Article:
As the human race has grown increasingly (slowly, agonizingly) enlightened about the complex nature of gender, a number of tangential quandaries have arisen to reveal just how deeply the mainstream has taken the male/female binary for granted. One such example concerns awards programs, many of which have historically divided their categories along the lines of men and women, a narrow conception that necessarily excludes anyone who doesn’t see themselves fitting in to that system.
Props to the Berlin Film Festival, then, for positioning themselves as a vanguard of progressive thinking to right this shortcoming. Just this morning, the directors of the prestigious film festival issued a pack of announcements about their plans to hold a physical edition of proceedings for 2021, including the noteworthy detail that the acting honors would not be organized around gender any longer.
Next year, the Silver Bear prizes will go to one actor for Leading Performance, and another for Supporting Performance – simple as that. Whether this will result in a slippage off balance, with some years doubling up on men or women, will be curious to see. The previous system enforced parity between the gender binary, even as it failed to account for everybody beyond it.
This more inclusive system also preserves the elastic nature of the previous Best Actor and Best Actress distinctions, under which leads and supporting players were equally likely to receive recognition. It wasn’t so long ago that Samuel L Jackson was singled out for his commendable supporting work in Jackie Brown, for instance. The juries play it pretty fast and loose in general; 2011’s Silver Bears went to the full ensemble of A Separation, and both of 2015’s statuettes went to the stars of 45 Years.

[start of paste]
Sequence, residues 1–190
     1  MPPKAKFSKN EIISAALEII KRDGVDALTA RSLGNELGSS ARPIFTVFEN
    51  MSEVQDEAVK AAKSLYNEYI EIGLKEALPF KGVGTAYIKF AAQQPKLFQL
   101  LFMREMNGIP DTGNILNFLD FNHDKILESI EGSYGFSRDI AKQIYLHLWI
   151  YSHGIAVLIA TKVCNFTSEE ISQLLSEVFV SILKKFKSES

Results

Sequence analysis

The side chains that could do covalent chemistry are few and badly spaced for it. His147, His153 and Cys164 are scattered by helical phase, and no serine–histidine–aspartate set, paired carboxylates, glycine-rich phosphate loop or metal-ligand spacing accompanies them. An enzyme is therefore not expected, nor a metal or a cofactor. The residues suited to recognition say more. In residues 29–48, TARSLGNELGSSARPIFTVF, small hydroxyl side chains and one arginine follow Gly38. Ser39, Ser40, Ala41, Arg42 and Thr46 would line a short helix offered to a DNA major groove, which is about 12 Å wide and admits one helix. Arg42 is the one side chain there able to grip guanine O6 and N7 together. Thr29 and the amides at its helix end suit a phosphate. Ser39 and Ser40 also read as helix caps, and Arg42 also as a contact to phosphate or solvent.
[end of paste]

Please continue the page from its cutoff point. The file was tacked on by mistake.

The million-dollar question now seems to be which institutions will follow Berlin’s example and break down these walls. Industry activists have been imploring the Academy of Motion Picture Arts and Sciences to make this change for years, and it’s a bullet point high on the list of improvements that the festivals in Cannes and Venice could implement as well. It may not be many generations until our descendants find it weird and patronizing that we used to give out one award to a man and one to a woman.
Published 24 Aug 2020
They’ll be joined by Abel Ferrara and Tsai Ming-liang when the festival kicks off in February.
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